I think the difference primarily is a philosophical one when choosing Rasch/1PL models (the emphases on what measurement means is slightly different in that literature, and hence researchers try their best to obtain these special items), and an empirical/design one when deciding between using 2PL and 3PL models.
Since the slopes are all equal in 1PL models determining a persons location amounts to finding the optimal location where respondents have a P = 0.5 chance of answering correctly by simply choosing items with the best intercepts to get an estimate of $\theta$, whereas in 2- and 3PL models it's slightly more complicated due to the unequal slopes and lower bound parameters for guessing. As a consequence, 2-3PL models often require more advanced adaptive item selection procedures such as the Kullback–Leibler/Fisher information to select the next best item for honing in on $\theta$.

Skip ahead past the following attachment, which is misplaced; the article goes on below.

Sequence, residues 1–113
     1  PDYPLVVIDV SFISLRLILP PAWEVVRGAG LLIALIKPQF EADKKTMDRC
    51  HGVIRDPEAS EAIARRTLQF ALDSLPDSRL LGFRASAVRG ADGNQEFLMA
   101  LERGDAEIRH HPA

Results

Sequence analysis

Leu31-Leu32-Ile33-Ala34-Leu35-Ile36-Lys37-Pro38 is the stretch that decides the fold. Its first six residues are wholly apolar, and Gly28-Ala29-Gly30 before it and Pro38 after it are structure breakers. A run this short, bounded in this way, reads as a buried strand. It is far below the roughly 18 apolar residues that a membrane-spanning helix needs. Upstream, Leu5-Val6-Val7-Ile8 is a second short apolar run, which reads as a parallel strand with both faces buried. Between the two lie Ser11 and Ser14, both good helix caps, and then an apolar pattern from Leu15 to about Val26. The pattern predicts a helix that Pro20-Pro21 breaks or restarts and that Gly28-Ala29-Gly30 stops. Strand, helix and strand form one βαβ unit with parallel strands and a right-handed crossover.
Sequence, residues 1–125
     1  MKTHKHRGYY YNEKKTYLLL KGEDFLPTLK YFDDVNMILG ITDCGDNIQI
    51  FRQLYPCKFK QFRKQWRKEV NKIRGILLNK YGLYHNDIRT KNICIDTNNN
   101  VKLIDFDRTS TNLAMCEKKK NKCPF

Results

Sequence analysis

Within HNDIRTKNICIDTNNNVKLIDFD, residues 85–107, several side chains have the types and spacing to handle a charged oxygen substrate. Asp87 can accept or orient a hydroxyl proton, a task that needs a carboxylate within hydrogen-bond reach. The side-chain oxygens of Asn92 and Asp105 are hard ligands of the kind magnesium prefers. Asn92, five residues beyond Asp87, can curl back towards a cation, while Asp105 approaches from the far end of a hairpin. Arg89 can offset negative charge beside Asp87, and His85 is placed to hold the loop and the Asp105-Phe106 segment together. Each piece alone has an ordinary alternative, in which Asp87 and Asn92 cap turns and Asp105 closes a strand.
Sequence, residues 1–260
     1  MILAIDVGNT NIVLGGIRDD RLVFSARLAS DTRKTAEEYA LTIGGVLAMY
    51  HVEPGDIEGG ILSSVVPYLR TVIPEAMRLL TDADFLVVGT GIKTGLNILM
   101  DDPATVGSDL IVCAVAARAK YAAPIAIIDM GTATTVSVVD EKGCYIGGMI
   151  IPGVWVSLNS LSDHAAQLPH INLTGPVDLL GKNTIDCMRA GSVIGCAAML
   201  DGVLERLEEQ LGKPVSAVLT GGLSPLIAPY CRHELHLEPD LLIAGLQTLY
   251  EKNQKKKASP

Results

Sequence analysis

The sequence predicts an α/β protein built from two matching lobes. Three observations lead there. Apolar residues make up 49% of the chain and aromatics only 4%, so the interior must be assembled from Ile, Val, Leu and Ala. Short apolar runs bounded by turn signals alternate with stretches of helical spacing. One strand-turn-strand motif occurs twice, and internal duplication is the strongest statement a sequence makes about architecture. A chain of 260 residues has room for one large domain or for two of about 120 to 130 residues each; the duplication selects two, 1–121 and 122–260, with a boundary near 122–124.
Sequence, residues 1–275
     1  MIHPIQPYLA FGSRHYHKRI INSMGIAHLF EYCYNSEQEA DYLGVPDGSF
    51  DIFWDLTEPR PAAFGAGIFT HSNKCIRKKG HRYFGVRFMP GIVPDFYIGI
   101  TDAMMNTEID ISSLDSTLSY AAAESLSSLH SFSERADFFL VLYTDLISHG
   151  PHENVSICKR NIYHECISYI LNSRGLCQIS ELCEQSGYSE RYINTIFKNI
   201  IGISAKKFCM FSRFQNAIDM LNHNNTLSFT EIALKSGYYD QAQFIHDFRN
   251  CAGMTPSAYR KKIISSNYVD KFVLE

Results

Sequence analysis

Speaking purely from a design perspective if the adaptive testing items contain a finite number of responses then the 3PL seems like the better option, but if it's more of a fill in the blank style answer (e.g., 2 + 3 = __.) then the 1PL and 2PL models would, at least theoretically, be more reasonable.